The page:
Heather Desaulniers

  • San Francisco Ballet – “Nutcracker”
    War Memorial Opera House, San Francisco
  • Smuin Ballet – “The Christmas Ballet, Uncorked!”
    Yerba Buena Center for the Arts, San Francisco
Mathilde Froustey in Helgi Tomasson's 'Nutcracker'.   Photo © Erik Tomasson

Mathilde Froustey in Helgi Tomasson’s ‘Nutcracker’.
Photo © Erik Tomasson

December 14. It’s that time of year again: San Francisco Ballet’s annual “Nutcracker” at the War Memorial Opera House. This season marks an important milestone, as it is ten years since the company premiered Artistic Director Helgi Tomasson’s updated version of the classic Christmas ballet. It is a glorious production, full of merriment, festivity and optimism.

Even if you see “Nutcracker” every December, there is something new to discover each year whether it be outstanding performances (individuals or groups), narrative revelations or spectacular design elements. This year, it was the sequence of scenes that struck a chord as at each plot point, Tomasson crafts Clara’s journey with clever and creative insight and similarly guides the entire audience’s experience.

We begin in the familiar: Act I’s festive party scene. Christmas Eve at the Stahlbaum home is quite grand and fancy, yet it still contains all the expected holiday images: Christmas tree, gifts and guests. All are infused with anticipation, excitement and there is even a hearty dose of magic. After some joyous dancing and much general regalement, night falls, the party ends and the mood shifts. As Clara (here, Amanda Jue) falls asleep, we see the start of a transformation. Drosselmeyer (the incomparable Val Caniparoli) orchestrates this ‘in between’ state where reality and fantasy start to collide. Furniture moves by itself, the Christmas tree grows, and a battle erupts between toy soldiers and life-size mice. During this scene, the Nutcracker doll that Clara has been given for Christmas also comes to life. After defeating the King of the Mice, he removes his mask and becomes the Nutcracker Prince (at this performance, new principal, Joseph Walsh), who dances for Clara. When Walsh’s piqué turns morphed into multiple attitude turns, it was something to behold. To complete Act I, the pair is led through a snow-filled forest, Tomasson’s wintry scene filled with internal transitory moments as boureés grow into piqués and pas de chats evolve into grand jetés.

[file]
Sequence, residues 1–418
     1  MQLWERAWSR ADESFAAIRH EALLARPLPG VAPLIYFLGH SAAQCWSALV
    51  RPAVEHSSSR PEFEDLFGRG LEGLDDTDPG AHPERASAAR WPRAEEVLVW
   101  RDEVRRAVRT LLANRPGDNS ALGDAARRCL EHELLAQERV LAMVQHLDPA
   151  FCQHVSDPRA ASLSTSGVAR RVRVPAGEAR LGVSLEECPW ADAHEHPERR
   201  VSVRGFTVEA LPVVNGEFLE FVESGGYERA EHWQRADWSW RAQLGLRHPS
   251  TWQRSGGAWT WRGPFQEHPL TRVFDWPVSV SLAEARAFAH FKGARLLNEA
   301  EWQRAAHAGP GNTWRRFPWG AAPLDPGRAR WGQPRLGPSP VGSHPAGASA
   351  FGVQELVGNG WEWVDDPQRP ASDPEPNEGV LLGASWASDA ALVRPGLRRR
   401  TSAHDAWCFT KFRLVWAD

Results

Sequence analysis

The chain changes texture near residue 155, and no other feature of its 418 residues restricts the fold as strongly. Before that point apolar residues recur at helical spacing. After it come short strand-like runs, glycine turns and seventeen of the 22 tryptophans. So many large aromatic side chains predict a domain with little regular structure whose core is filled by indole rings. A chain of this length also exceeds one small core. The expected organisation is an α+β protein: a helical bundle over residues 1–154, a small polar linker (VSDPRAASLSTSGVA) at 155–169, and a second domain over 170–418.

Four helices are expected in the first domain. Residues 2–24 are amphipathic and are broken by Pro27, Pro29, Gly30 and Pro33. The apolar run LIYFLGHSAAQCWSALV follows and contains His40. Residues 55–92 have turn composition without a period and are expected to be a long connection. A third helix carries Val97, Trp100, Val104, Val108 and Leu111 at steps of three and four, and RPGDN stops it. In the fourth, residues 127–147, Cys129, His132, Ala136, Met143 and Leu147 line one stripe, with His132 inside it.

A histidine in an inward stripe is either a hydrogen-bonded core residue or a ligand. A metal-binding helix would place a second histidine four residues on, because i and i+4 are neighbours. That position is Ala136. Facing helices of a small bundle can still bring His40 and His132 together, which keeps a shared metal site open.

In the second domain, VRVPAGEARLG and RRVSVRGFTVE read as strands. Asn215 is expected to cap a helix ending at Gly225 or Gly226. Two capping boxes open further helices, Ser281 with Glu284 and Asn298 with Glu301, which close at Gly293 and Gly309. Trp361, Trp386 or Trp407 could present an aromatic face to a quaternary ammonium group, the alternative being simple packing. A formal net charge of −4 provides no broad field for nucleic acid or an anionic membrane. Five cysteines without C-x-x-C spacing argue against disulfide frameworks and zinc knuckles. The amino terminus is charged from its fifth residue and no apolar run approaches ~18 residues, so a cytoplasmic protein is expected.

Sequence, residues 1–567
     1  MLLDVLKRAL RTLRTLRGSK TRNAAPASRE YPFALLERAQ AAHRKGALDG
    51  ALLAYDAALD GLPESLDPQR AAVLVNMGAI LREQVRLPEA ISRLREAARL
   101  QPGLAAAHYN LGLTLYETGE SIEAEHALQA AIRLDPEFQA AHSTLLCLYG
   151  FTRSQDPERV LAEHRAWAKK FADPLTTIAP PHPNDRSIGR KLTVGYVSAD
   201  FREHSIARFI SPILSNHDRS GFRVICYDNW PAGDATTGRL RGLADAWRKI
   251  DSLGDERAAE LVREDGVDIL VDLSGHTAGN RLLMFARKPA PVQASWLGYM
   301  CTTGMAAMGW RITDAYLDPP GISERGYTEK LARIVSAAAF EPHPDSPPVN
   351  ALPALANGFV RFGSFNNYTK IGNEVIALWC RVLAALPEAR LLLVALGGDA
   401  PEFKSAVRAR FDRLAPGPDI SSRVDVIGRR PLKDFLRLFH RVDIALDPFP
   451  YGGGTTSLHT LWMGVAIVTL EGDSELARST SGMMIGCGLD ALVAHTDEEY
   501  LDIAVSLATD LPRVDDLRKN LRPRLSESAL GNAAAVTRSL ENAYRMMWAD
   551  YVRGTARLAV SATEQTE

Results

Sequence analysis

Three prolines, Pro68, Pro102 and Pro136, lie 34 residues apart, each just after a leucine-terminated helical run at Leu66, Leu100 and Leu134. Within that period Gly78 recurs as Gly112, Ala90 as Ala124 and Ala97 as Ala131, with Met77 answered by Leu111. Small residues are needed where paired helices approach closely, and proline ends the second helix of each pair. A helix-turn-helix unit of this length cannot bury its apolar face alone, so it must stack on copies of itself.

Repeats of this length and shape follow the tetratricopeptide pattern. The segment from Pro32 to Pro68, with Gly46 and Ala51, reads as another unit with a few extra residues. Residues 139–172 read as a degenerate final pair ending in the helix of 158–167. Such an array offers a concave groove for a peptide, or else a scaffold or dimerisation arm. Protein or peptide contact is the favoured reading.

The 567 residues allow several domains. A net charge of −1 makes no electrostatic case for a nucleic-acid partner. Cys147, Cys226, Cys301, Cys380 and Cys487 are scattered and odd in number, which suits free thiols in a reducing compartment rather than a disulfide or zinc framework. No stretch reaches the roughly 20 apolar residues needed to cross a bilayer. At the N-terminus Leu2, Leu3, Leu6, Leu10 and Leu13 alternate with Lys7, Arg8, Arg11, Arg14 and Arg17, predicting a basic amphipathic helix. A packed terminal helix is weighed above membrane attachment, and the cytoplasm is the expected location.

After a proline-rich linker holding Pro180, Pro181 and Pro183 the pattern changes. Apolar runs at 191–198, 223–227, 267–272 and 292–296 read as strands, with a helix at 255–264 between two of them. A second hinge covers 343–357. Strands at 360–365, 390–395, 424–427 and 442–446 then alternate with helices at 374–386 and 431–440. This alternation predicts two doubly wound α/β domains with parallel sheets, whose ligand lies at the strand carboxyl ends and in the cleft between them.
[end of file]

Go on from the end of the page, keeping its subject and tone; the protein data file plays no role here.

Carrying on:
Act II finds Clara and the Prince arriving in a land of fantasy and wonder, greeted by the Sugar Plum Fairy (one of my favorite ballerinas, Mathilde Froustey). A host of nations dance for their new guests, with a particularly spectacular Russian variation. The choreography for this short divertissement is always thrilling but this was the first time I’ve ever seen it performed without anyone from the soloist or principal rank. Led by Wei Wang with Francisco Mungamba and Francisco Sebastiao, the unison and technique were flawless. Froustey’s Sugar Plum Fairy was a delight. There is so much to love about her dancing: fluid turns, genuine stage presence, intense musicality and phrasing, super high jumps followed by silent landings and balances that freeze time. Towards the end of the act, yet another moment of change occurs as Clara transforms into an adult (danced by Frances Chung). Chung and Walsh were absolutely sublime in the grand pas de deux; I hope to see more of their pairing in the coming season. Sunday night’s full-cast finale had a couple of rough moments, but the recovery in each circumstance was phenomenally good.